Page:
After four weeks, 49 percent of the abrupt quit group and 39 percent of the gradual reduction group remained tobacco-free. At six months, 22 percent of the abrupt quit group and 15.5 percent of the gradual reduction group remained tobacco-free.

It's not entirely clear why this gap exists. It may be that the taper for the gradual reduction group was too sudden or the tapering schedule may have made it more difficult to initiate the quit date.

One thing is known: The best way to quit smoking is with the aid of one of several nicotine replacement products and behavioral counseling. Stopping smoking with no help — gradually or suddenly — isn't as likely to help you quit.

In addition, each time a person tries to stop, the likelihood for success increases. If you've tried to stop smoking but failed, don't give up. You're more likely to succeed with repeated attempts, and behavioral counseling and medications to help.

Every state has a telephone quit line that you can access by calling toll-free 1-800-784-8669. Or go online to becomeanex.org or smokefree.gov, where you'll find more information and support to help you stop smoking for good.

Jon Ebbert, M.D., Nicotine Dependence Center, Mayo Clinic, Rochester, Minn.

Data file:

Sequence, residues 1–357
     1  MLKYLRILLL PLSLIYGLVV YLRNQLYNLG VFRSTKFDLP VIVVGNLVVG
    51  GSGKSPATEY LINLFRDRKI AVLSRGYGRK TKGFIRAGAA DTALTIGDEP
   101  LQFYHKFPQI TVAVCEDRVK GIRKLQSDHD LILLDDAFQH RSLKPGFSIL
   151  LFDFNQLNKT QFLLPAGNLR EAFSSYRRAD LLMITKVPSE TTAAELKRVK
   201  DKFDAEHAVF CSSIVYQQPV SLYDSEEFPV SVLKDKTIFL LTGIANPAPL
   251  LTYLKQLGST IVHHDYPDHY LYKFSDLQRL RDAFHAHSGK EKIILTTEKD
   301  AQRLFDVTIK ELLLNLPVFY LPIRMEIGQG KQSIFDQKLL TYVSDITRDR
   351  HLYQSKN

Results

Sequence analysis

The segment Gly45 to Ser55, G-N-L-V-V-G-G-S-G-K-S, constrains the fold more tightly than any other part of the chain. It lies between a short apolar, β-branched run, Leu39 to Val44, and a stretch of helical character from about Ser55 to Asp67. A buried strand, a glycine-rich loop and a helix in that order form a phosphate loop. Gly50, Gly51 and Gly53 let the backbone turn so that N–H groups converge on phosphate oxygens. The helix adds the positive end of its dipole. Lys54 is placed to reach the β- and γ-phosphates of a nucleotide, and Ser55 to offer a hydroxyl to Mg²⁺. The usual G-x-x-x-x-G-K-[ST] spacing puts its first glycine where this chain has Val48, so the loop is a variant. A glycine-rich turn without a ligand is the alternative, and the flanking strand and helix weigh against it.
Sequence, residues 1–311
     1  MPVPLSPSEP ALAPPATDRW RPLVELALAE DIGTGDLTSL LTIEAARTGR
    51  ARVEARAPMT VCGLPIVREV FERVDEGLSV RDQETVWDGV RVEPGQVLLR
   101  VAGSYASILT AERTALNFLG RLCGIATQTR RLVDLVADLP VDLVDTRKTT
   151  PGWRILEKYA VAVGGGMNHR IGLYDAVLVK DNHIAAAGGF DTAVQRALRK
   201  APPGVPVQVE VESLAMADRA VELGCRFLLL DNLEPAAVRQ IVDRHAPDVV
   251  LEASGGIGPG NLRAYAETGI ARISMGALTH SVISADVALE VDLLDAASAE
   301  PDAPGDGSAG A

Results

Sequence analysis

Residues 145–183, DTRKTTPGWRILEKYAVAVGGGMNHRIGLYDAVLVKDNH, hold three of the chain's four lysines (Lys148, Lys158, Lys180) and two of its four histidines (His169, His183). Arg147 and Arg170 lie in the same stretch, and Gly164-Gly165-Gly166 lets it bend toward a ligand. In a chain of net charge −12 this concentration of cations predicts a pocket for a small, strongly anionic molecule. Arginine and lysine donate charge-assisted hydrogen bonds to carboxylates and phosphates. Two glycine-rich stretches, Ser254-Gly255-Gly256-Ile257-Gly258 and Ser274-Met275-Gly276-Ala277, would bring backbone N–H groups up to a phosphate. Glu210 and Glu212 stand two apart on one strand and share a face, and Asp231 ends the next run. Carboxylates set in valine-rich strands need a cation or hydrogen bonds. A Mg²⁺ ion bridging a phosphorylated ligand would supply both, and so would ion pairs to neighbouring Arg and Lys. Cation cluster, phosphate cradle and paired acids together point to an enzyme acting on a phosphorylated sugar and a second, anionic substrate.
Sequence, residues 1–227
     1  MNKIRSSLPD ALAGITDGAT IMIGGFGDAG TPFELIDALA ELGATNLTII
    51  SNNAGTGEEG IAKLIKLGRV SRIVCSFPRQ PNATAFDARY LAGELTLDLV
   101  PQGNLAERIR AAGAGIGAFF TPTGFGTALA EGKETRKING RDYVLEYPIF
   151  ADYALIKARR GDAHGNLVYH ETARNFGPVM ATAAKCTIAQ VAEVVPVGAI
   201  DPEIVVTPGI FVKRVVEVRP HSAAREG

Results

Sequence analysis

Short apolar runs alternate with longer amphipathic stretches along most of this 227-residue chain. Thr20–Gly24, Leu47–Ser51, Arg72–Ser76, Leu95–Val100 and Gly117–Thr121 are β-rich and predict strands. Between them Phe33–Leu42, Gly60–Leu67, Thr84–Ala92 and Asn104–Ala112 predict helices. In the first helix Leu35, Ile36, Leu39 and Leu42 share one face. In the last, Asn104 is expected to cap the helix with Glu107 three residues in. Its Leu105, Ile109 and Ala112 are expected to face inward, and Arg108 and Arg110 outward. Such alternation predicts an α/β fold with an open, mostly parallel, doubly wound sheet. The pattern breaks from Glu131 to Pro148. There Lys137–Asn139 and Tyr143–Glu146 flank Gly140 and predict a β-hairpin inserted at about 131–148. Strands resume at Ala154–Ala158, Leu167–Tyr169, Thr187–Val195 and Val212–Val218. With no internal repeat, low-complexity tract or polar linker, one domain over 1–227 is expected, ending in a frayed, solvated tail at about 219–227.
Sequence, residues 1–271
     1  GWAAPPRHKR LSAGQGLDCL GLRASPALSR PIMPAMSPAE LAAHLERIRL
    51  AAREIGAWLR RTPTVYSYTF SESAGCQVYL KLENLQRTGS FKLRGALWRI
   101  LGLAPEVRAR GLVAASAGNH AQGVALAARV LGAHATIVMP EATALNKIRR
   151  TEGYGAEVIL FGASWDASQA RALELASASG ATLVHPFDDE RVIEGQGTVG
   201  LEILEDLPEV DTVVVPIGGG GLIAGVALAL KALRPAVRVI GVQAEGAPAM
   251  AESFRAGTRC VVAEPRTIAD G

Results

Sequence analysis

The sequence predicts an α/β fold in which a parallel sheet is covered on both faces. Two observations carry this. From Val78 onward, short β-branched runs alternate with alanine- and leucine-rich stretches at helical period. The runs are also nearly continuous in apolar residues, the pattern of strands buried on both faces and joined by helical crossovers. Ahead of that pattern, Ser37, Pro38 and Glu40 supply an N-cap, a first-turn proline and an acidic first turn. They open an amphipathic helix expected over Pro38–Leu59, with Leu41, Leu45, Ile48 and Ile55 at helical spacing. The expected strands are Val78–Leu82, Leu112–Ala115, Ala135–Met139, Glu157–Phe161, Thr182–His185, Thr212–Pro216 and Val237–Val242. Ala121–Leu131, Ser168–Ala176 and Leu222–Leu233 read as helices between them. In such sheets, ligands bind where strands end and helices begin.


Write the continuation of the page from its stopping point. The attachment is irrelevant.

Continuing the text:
(Adapted from Mayo Clinic Health Letter)

PERIPHERAL NEUROPATHY ISN'T INEVITABLE FOR DIABETICS

I was diagnosed with diabetes a few months ago, and I am concerned about peripheral neuropathy in my feet. Is there anything I can do to prevent this?

Peripheral neuropathy is a common problem that can happen as a result of diabetes, but it isn't inevitable. To help prevent peripheral neuropathy, closely follow your health care provider's instructions for managing your diabetes and make healthy lifestyle choices.

Peripheral neuropathy happens when nerves in your feet or hands — your peripheral nerves — become damaged. Diabetes may lead to peripheral neuropathy because excess sugar in the blood can injure the walls of the tiny blood vessels known as capillaries, which deliver blood to the nerves. That injury hampers the capillaries' ability to carry sufficient amounts of blood. Without proper nourishment, the peripheral nerves lose their ability to function properly.

Although peripheral neuropathy can affect both the hands and the feet, for people with diabetes, it's more common in the feet. It usually involves a slow progression of numbness, prickling or tingling that may then spread into the legs. Some people with peripheral neuropathy also feel a sharp, jabbing, throbbing, freezing or burning pain, and their feet may be extremely sensitive to touch.

The best thing you can do to help prevent peripheral neuropathy is keep your blood sugar under control. Monitor your blood sugar regularly and take your diabetes medications exactly as directed.